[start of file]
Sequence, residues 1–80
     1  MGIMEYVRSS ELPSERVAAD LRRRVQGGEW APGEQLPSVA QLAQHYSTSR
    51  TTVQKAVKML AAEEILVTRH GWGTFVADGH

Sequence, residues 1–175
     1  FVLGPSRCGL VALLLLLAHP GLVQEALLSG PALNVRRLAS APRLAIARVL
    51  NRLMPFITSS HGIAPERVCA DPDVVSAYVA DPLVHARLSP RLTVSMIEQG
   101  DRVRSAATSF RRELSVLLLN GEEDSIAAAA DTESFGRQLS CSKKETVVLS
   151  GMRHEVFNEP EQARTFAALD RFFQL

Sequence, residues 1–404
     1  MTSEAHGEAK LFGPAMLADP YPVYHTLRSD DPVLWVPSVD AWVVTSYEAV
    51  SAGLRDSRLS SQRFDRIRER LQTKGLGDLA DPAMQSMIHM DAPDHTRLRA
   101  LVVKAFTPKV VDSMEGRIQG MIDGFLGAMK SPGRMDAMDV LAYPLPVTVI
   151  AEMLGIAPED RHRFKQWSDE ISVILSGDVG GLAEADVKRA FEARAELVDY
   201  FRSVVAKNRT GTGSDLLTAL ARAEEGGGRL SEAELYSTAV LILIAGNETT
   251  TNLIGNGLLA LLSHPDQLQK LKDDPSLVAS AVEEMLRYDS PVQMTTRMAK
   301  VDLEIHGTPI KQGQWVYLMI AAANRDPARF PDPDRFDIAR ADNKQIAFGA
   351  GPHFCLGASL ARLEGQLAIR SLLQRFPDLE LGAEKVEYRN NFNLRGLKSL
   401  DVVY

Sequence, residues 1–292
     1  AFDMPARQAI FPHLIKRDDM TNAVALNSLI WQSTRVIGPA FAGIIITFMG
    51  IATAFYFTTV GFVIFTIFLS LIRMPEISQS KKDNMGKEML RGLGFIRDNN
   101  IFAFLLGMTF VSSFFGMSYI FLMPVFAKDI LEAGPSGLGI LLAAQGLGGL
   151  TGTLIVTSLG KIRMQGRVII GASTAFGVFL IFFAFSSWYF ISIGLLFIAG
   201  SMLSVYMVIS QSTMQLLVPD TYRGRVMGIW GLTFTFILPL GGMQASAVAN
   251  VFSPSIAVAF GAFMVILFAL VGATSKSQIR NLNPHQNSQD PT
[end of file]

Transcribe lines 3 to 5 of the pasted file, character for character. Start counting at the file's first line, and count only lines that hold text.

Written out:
    51  TTVQKAVKML AAEEILVTRH GWGTFVADGH

Sequence, residues 1–175
     1  FVLGPSRCGL VALLLLLAHP GLVQEALLSG PALNVRRLAS APRLAIARVL